Would running one quart low make more horsepower?

Not open for further replies.


Staff member
May 27, 2002
Guelph, Ontario
I've always been curious if running my engine one quart low on oil when I go dragracing would make more power? Have any of you guys that have built race motors in the past experimented with this? I thought this might provide gains similar to a windage tray, where the lesser amount of oil prevented a drag on the crank, freeing up some power? I might just try it out one of these days when I do an oil change right before a drag event. I'll put in one quart less oil than usual, make three runs to establish a baseline and then top it up with that quart and make three more runs. My car is consistent enough that I would be able to see any changes in power quite easily. Does this sound like an idea, or am I being foolish? I'd never run it a quart low for too long.
There have been tests on this and running a quart low does make a few extra HP. I never add oil till it hits the quart mark, so I'm not afraid to run it to that point. I've never spun a bearing or cause any other problems, and I run my cars like I was making a drag run at least once a day...
I have seen where too much oil has hurt Hp. However, that doesn't mean running low gives you more Hp. Try it. Like someone said "nothing ventured, nothing gained". Besides, it's your motor not mine.
Patman, The easiest way to make more horsepower is to use a lower viscosity oil. You now find Winston Cup cars running a 0w-30 synthetic to do qualifying laps and then switching to a heavier grade (typically 20w-50) for the actual race. A thinner oil produces less "intrafluid" friction and less energy to pump. I've also seen motorcycles that dragrace using 0w-30 synthetics .... TooSlick
Ted, the one thing with running a lower viscosity is that I wouldn't have enough protection. With my method I could always continue using my 10w30, and just set it up so I'm a little low on oil whenever I drag race. So this method (if it works) is easier than switching viscosities around. Vader raises a good point, even when it's a quart low it's still in an acceptable range. Think of how many people are out there driving around at more than a quart low right now. I know people who somehow managed to run their cars with just a single quart of oil in there, and they top it back up and it runs for years to come. Of course not all engine designs can handle this, but I think an old school SBC like mine probably could, being a pushrod motor and all.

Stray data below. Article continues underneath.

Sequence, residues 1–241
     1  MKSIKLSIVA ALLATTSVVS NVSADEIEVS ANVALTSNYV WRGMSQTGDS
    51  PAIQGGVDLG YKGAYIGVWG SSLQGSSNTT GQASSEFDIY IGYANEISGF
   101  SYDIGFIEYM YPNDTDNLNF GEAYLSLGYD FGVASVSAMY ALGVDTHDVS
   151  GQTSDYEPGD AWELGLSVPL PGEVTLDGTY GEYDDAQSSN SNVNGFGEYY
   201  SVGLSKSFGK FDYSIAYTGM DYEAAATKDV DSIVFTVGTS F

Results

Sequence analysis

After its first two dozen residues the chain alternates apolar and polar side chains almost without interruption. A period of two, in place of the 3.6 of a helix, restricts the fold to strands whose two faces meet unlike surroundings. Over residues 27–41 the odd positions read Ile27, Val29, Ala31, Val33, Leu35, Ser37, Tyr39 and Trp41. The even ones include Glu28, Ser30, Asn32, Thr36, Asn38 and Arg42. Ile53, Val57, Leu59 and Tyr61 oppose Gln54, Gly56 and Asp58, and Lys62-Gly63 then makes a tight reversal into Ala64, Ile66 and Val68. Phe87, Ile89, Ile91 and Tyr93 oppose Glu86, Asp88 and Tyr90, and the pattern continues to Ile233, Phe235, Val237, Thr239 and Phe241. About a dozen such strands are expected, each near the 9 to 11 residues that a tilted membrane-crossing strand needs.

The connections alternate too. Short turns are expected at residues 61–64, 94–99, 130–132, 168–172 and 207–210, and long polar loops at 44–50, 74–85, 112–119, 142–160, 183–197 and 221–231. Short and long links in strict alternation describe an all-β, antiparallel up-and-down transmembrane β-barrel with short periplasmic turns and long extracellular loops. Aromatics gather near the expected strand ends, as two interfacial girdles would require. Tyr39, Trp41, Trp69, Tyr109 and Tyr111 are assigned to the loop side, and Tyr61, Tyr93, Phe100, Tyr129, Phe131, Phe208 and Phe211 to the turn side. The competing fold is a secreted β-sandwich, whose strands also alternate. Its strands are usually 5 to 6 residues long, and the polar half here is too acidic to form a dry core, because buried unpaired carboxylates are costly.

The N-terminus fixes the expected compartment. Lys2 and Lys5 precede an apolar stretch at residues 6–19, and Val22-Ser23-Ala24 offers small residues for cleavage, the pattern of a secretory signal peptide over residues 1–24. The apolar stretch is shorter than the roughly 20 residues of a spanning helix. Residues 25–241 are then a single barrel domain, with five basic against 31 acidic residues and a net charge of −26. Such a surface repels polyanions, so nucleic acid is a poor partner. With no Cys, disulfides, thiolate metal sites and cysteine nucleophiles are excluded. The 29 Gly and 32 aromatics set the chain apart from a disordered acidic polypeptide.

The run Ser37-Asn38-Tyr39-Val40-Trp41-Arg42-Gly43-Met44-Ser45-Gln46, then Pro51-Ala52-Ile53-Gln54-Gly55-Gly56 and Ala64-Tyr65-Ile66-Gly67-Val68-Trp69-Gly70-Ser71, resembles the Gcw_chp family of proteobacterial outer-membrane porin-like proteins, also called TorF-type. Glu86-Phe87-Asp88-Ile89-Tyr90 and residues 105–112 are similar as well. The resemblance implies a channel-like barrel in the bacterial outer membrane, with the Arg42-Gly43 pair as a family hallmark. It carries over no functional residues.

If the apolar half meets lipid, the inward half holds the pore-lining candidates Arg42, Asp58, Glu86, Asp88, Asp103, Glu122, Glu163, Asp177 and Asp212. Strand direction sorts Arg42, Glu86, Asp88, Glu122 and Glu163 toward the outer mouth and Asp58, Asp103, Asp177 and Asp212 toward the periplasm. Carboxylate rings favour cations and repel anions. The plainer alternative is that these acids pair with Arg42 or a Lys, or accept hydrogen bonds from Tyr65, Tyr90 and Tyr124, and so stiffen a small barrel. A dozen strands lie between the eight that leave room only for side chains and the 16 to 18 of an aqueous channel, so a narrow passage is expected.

Running the oil level lower can definitely add some horsepower. It can help from churning up oil in the crankcase less too. This has been a 'hotrodder' trick I've been aware of for quite a while. As proof, and Patman maybe you know about this feature, when Chevy released the technical aspects of the LS6 they showcased a feature that reduces windage in the crankcase. The problem with the LS1/LS6 is it has a super shallow oil pan to help keep the engine short. One of the bad things is when the pistons push down, the underside pushes air along with it. With a lot less volume in the crankcase and oil pan to 'absorb' the pressure, it can rob some horsepower. As a solution, Chevy made the LS6 block casting with small slots at the bottom of the cylinder bores that connect to adjacent cylinders. With this setup the air being pushed down on the underside of the piston can be channeled into the cylinders next to it. Chevy has claimed that this feature gave 10hp that would be lost otherwise. I run my GN only about 1/4 of the way past the add mark on the dipstick. I also have a much bigger filter to keep the oil volume about the same as what would be factory full. http://www.rjcracing.com/RJC_Buick_Products/RJC__Biggie__Oil_Filter/rjc__biggie__oil_filter.html I posted the link to show; 'Yes, the volume with that setup would compensate for running about 3/4 of a quart low'. After running the oil level lower and putting in a good brass check valve in-line with the PVC valve(to keep boost from backing through the PVC system and into the crankcase), it takes a long time for the breathers on the valve covers to get saturated with oil. Before I did those changes, the breathers(I clean them at each oil change) would oil up pretty fast and one would actually start dripping off some excess after some hard running. I'm sure the gains and risks depend on the engine and other factors but there's no question to the theory of having more air volume in the crankcase.
Interesting stuff Kernel! I'm running a larger filter too, although this filter probably only holds an extra 1/4 quart over the stock one.
Not open for further replies.